Responders

LA firefighters help rescue boy alive from Nepal rubble

tf2-nepal-rescue.jpgUSAID on Twitter

The Los Angeles County Fire Dept. urban search and rescue team that flew to Nepal on Monday has helped local rescuers extract a 15-year-old boy from the debris of a collapsed hotel where he had been trapped for five days. Pemba Lama, 15, survived by eating bottled ghee he found near him in the rubble. He was uninjured except for dehydration. "There were times when I thought I was dead and then I would wake up again to find myself beneath the rubble” he said in an interview, apparently with the LA Times. Great detail of the rescue in the LAT story from Kathmandu:

Nepali rescue teams had been using a bright orange excavator to clear rubble at the site when they heard a yell. “I saw something bright outside as the excavator moved the rubble around me and then I screamed for help,” Lama said.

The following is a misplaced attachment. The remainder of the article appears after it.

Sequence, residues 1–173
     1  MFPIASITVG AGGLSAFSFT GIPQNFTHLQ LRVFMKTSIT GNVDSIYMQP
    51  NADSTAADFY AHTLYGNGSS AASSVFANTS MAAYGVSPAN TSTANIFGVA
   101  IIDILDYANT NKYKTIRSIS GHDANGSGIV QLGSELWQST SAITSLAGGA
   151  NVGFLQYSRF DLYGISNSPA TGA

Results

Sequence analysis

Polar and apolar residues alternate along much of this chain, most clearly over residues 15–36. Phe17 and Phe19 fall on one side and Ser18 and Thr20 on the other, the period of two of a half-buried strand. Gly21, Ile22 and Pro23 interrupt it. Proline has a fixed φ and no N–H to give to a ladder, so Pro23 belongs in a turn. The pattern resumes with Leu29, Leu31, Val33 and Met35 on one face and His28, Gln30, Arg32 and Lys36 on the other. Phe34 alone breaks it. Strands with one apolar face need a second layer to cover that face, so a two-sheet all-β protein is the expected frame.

The team treating him at the Israeli medical camp in Chhauni, Katmandu, was surprised to find him not just alive but in such good condition. “This is nothing short of a miracle to find him alive after five days and that too with no major injury; he was only dehydrated,” said Dr. Sakhi Dagan, who was overseeing Lama’s treatment at the camp.

When the earthquake began, Lama, a hotel employee, recalled, “I hurried downstairs from the cash counter when I felt the strong tremors ... after that everything came crashing down.” He said he didn't remember anything after that until several hours later, when he woke and found himself in the rubble.

Narayan Thapa, the on-scene commander for the Nepali Armed Police Force, said rescue workers were continuing to search for two other children that Lama had said were trapped in the debris. Lama told authorities on the scene he had been able to speak with the two children, a girl of about 6 and a boy age 12 or 13, until about 4 a.m. Thursday.

Rescue teams from the Los Angeles County Fire Department and Fairfax County, Va., rescue teams -- who are members of the U.S. Agency for International Development's disaster assistance response team -- were using listening devices and dogs to try to find the children.

The LAT's Beijing correspondent, Julie Makinen, is in Nepal.


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